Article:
Ancient Monuments

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Bowl barrow at the west end of Cothelstone Hill, 825m NNE of St Agnes' Well

A Scheduled Monument in Bishop's Lydeard, Somerset

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Latitude: 51.087 / 51°5'13"N

Longitude: -3.1612 / 3°9'40"W

OS Eastings: 318763.299525

OS Northings: 132602.535355

OS Grid: ST187326

Mapcode National: GBR LY.CYRD

Mapcode Global: FRA 4687.VMY

Entry Name: Bowl barrow at the west end of Cothelstone Hill, 825m NNE of St Agnes' Well

Scheduled Date: 23 June 1975

Last Amended: 7 February 1997

Source: Historic England

Source ID: 1015085

English Heritage Legacy ID: 29358

County: Somerset

Civil Parish: Bishop's Lydeard

Traditional County: Somerset

Lieutenancy Area (Ceremonial County): Somerset


The monument includes a bowl barrow on the west end of the hill-top of
Cothelstone Hill, at the south west extent of the Quantocks sandstone ridge.
The barrow is 19m in diameter and 1.7m in height. The top is a flat platform
5.5m in diameter, with some of the stone core exposed by erosion. There is a
hollow 3m by 2m on the south west side of the mound.
The barrow was first documented by L V Grinsell in 1957.

The site of the monument is shown on the attached map extract.
It includes a 2 metre boundary around the archaeological features,
considered to be essential for the monument's support and preservation.

Source: Historic England

Reasons for Scheduling

The area of the Quantock Hills, although small in extent, is one of the few
remaining expanses of open moorland in southern Britain. Its archaeological
importance lies in the existence of a landscape displaying examples of
monuments tracing the exploitation of the hills from the Bronze Age onwards.
Well-preserved monuments from the Bronze Age and Iron Age, including round
barrows, cairns, settlements, hillforts and a trackway, as well as later
industrial remains, give insights into changes in the pattern of land use on
the hills through time. These earthworks are one of the key components of the
Quantocks' broader landscape character.
Bowl barrows, the most numerous form of round barrow, are funerary monuments
dating from the Late Neolithic period to the Late Bronze Age, with most
examples belonging to the period 2400-1500 BC. They were constructed as
earthen or rubble mounds, sometimes ditched, which covered single or multiple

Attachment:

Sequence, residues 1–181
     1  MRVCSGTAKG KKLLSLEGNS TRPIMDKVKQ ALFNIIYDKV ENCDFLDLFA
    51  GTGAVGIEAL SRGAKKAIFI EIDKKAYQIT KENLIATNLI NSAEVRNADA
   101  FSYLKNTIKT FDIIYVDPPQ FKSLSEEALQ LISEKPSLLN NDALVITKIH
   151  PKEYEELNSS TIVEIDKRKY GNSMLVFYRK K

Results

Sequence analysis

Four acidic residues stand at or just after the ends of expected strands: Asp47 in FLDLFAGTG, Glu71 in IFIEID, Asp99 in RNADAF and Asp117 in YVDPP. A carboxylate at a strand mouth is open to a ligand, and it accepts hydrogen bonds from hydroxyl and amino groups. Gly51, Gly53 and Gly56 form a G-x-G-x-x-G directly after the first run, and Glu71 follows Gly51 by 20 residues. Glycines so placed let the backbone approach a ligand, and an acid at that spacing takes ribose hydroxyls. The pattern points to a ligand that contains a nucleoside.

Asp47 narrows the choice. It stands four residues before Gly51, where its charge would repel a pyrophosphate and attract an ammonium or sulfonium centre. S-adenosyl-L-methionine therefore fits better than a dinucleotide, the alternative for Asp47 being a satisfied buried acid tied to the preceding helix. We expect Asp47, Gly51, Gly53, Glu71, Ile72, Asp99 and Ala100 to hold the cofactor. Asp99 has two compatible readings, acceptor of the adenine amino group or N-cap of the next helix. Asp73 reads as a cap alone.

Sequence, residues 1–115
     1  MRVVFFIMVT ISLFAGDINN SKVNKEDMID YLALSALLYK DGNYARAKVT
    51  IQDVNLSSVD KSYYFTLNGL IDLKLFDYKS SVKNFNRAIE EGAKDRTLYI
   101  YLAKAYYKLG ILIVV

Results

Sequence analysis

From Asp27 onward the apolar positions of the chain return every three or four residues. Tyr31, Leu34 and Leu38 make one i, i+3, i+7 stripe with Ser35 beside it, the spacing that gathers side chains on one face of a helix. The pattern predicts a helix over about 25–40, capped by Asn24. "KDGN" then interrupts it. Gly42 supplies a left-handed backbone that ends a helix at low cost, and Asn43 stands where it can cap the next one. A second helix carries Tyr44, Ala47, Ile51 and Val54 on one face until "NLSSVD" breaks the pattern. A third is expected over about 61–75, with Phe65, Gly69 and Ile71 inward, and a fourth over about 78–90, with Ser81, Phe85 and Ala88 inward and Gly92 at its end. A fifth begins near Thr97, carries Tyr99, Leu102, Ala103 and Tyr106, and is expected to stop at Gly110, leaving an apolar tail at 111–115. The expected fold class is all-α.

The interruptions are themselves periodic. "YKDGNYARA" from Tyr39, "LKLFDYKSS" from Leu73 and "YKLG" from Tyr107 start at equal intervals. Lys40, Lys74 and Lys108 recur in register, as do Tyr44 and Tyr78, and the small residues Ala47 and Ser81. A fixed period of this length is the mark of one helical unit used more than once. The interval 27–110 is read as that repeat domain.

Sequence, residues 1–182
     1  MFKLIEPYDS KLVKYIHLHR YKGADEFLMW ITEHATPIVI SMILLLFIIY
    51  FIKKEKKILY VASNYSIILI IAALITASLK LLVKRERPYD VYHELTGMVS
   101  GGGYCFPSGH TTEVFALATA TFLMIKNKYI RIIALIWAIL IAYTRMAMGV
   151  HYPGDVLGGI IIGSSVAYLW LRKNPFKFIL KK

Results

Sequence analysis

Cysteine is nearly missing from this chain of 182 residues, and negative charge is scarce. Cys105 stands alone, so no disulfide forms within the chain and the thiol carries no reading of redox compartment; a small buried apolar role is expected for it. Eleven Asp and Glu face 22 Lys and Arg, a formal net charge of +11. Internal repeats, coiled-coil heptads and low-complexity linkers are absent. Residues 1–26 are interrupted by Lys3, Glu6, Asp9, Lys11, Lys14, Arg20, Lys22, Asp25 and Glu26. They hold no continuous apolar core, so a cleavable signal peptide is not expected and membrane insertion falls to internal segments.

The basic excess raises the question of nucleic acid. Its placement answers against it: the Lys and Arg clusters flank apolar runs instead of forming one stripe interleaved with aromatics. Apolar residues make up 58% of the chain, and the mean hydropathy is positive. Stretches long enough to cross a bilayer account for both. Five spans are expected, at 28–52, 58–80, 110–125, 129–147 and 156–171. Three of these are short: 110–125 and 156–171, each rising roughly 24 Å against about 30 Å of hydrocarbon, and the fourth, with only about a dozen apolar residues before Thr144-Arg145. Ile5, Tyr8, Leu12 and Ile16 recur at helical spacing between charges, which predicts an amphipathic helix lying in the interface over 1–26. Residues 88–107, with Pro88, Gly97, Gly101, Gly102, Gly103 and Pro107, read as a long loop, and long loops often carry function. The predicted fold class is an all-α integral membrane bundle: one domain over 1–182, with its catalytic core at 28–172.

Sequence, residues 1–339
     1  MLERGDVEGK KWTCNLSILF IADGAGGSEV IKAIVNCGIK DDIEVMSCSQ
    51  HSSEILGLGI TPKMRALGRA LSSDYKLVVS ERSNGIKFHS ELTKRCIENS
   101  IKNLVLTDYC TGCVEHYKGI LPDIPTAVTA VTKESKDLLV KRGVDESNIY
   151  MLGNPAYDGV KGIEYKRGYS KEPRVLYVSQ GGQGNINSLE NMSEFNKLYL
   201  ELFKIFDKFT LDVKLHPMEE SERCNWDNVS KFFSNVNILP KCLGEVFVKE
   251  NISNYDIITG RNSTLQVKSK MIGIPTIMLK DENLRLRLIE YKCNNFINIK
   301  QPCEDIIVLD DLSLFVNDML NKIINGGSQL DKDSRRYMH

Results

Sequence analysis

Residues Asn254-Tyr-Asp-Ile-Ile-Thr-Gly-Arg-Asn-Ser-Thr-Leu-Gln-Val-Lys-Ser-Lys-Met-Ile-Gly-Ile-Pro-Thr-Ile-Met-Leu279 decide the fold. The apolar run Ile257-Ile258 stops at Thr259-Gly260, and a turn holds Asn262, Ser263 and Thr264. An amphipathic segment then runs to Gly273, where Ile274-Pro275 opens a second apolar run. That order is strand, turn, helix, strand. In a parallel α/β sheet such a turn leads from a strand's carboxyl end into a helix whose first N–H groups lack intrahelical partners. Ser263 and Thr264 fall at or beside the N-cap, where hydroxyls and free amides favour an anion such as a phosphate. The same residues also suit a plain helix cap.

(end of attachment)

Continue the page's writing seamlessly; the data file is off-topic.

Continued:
burials. They occur either in isolation or grouped as cemeteries and often
acted as a focus for burials in later periods. Often superficially similar,
although differing widely in size, they exhibit regional variations in form
and a diversity of burial practices. There are over 10,000 surviving bowl
barrows recorded nationally (many more have already been destroyed), occurring
across most of lowland Britain. In excess of 30 bowl barrows can be found on
the Quantock Hills. Often occupying prominent locations, they are a major
historic element in the modern landscape and their considerable variation in
form and longevity as a monument type provide important information on the
diversity of beliefs and social organisations among early prehistoric
communities. They are particularly representative of their period and a
substantial proportion of surviving examples are considered worthy of

Cothelstone Hill lies at the south end of the sandstone ridge of the
Quantocks, has high visitor rates and exhibits a range of monuments in a
comparatively small area.
The barrow at the west end of Cothelstone Hill survives as a prominent
earthwork. Despite being subject to erosion and showing evidence of possible
antiquarian investigation, it will contain archaeological remains and
environmental evidence relating to the barrow's structure, function and period
of construction.

Source: Historic England


Books and journals
Grinsell, L V, 'Proceedings of the Smerset Archaeological and Nat.Hist Society' in Somerset Barrows Part 1, , Vol. 113, (1969), 28
Neolithic & B.A flint, 200 pieces, Flint scatter, SMR no 43034,

Source: Historic England

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